You should now see a few lines at the top with the story and author name, followed by the rest of the story. If you don’t use blank lines between paragraphs, your paragraphs run together in one big blob. There may not be any chapter titles, and likely no section breaks beyond blank lines. So let’s start fixing things. You’ll only have to do these once, or (at worst) once for each project.

Close the file, go back to Compile, and click Separators in the list. For Text Separator, click Custom and then enter the following:

<p class="sectionbrk">&bull; &bull; &bull;</p>

This tells Scrivener to put three bullets between each scene. (Anything Markdown or MultiMarkdown can’t do directly, you can do with HTML.) You’ll want to create or edit a CSS file to format the sectionbrk class the way you want (most people want it centered with a little space above and below). We’ll go over how to automatically link the CSS file to your HTML in a later post.

Set the other parts to Single Return. That’s all you have to do for Separators. In the other options:

  • Formatting: Check Title for Level 1 (and lower levels, if needed) folders.
  • Transformations: Check:
    • Straighten Quotes
    • Convert em-dashes
    • Convert ellipses
    • Convert multiple spaces
    • Convert to plain text: Paragraph Spacing
  • Replacements:
    • Replace (Option-Return twice); With (Option-Return)<p class="sectionbrk">&nbsp;</p>(Option-Return twice)

The Transformations section sounds a little scary, but MultiMarkdown re-converts those text entries to their nice typographical equivalents. I suggest you do it this way for more consistent results. The Replacements entry just inserts a blank section break that won’t get deleted during a conversion. You could just insert a non-breaking space, but (again) a later blog post will show you how you can use this to eliminate formatting issues.

Converting paragraph spacing to plain text replaces a paragraph break with two paragraphs, inserting a blank line between paragraphs as Markdown expects. It works if your Body paragraph format puts space at the beginning or end of the paragraph. If you use indents instead, try “Paragraph Spacing and Indents” and hope the indents are deep enough for Scrivener to catch.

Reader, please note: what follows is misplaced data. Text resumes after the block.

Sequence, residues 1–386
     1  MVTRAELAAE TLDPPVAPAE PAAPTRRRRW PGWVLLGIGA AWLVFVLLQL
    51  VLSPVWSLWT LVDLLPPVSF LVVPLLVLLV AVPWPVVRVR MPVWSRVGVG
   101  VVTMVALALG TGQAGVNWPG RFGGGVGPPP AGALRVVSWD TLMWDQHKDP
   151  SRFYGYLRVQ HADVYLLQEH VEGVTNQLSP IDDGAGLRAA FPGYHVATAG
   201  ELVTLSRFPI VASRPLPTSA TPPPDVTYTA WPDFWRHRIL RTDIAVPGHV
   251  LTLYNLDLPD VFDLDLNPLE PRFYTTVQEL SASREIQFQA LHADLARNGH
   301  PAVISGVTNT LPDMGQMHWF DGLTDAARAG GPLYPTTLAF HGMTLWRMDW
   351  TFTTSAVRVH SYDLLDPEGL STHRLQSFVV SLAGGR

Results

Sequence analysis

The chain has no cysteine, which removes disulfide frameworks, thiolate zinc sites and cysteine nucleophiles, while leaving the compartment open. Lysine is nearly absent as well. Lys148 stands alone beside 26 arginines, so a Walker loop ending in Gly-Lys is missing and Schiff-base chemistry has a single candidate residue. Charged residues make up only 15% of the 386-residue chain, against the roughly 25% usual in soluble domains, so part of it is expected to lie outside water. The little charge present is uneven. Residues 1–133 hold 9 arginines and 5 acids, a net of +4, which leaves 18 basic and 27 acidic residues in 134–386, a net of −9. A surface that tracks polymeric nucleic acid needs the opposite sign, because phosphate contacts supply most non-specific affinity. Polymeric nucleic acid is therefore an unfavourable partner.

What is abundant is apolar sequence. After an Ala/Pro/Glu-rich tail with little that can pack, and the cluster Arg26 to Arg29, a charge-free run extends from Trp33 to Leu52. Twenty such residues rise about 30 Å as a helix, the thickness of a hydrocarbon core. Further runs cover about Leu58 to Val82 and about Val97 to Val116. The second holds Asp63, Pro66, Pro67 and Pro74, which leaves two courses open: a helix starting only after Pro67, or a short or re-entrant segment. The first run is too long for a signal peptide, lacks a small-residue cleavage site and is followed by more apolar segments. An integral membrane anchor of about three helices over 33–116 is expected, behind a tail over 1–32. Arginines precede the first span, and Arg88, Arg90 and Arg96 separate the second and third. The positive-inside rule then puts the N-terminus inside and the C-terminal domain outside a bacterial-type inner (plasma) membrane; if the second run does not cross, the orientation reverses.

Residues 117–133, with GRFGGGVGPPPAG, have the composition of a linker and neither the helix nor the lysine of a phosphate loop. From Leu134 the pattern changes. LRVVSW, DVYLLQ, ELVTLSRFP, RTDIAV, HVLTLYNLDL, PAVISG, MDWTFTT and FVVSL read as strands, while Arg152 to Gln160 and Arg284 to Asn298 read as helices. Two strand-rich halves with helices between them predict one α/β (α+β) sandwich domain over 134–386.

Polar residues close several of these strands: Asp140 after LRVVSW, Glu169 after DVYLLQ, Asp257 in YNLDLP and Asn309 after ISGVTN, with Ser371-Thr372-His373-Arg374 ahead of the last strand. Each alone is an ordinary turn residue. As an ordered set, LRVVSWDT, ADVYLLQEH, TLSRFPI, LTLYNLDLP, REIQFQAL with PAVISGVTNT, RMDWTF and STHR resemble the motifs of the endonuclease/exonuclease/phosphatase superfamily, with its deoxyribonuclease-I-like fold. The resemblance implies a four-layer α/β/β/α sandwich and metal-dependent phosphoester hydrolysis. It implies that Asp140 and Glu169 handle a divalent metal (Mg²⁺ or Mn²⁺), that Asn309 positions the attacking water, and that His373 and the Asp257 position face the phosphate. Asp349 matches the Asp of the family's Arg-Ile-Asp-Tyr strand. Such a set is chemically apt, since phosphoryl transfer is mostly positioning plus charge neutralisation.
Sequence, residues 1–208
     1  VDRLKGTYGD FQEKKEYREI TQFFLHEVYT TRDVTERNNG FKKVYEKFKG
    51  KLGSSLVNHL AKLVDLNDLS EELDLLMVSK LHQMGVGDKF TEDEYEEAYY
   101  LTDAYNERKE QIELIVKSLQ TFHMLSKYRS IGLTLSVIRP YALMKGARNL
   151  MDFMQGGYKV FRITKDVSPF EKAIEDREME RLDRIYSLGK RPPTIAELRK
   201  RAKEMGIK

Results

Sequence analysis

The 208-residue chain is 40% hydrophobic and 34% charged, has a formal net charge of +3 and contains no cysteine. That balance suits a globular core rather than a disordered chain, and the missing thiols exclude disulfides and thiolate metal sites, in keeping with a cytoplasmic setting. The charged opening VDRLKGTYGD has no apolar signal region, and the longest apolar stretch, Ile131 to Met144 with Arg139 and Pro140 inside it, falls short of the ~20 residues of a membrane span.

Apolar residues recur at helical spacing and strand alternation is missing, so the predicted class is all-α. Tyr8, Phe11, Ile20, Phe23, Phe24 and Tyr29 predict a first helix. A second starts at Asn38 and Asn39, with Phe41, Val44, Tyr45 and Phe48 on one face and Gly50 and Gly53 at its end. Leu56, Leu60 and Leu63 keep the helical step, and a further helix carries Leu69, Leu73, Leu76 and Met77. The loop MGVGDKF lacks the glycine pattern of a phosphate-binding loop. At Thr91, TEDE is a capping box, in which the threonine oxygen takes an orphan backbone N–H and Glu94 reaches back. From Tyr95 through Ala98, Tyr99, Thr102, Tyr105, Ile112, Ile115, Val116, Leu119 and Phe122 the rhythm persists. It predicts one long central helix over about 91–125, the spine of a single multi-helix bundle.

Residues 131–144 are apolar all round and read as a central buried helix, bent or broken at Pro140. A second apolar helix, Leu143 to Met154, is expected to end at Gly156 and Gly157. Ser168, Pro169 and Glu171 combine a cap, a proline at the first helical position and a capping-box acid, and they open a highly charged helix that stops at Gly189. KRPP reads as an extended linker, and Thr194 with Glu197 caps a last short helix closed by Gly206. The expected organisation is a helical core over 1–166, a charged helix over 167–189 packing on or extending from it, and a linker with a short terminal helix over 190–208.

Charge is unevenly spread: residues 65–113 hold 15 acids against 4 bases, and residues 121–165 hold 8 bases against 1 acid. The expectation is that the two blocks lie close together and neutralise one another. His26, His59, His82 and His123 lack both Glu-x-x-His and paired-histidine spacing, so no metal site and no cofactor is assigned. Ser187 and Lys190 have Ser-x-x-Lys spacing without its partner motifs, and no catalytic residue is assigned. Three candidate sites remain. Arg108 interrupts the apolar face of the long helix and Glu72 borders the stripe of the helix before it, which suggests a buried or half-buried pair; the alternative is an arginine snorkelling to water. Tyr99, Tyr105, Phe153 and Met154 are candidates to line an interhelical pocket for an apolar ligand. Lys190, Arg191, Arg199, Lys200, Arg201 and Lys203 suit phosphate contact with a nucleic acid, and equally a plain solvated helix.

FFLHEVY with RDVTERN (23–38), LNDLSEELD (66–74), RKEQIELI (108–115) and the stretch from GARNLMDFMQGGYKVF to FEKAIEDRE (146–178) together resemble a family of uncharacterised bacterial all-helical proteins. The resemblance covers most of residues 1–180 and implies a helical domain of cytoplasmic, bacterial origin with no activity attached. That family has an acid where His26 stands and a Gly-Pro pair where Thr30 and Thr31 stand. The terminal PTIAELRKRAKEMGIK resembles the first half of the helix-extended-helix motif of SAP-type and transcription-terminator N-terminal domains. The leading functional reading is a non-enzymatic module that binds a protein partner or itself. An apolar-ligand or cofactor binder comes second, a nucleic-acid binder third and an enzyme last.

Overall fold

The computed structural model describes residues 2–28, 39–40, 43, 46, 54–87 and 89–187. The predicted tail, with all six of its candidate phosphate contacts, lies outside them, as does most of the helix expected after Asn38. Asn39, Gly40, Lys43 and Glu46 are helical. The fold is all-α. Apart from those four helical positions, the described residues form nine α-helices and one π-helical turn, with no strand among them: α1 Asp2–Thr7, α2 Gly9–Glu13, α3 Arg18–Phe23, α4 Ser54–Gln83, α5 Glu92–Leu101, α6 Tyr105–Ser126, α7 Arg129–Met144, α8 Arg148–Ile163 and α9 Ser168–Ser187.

If that doesn’t work, add two more entries to Replacements:

  • Replace (Option-Return); With (Option-Return twice)
  • Replace (Option-Return four times); With (Option-Return twice)

The two replacements are needed because of a bug in Scrivener. It converts one return to four instead of two, but the second time through fixes it.

Now hit Compile, then open the generated file in a text editor. You should see a plain text file, with a blank line between each paragraph and Markdown syntax for various highlighting. You can go back into Scrivener and try MultiMarkdown→Web Page to see what that looks like, too.

Now What?

Now that you can export a clean MultiMarkdown file from Scrivener, you can work with it in any text editor. Sometimes, just looking at the same text in a different way is enough to get you moving on a WIP and get it done. If you have an iPad, you can still edit your Markdown-ified project using Scrivener on iOS, or you can use an iOS Markdown editor like Byword to edit your Markdown file (and import it back into your Scrivener project later).

But that’s only scratching the surface. Next week, we’ll start looking at ways to prep your MultiMarkdown file for beta or final publishing.

Comments? Questions? Floor’s open!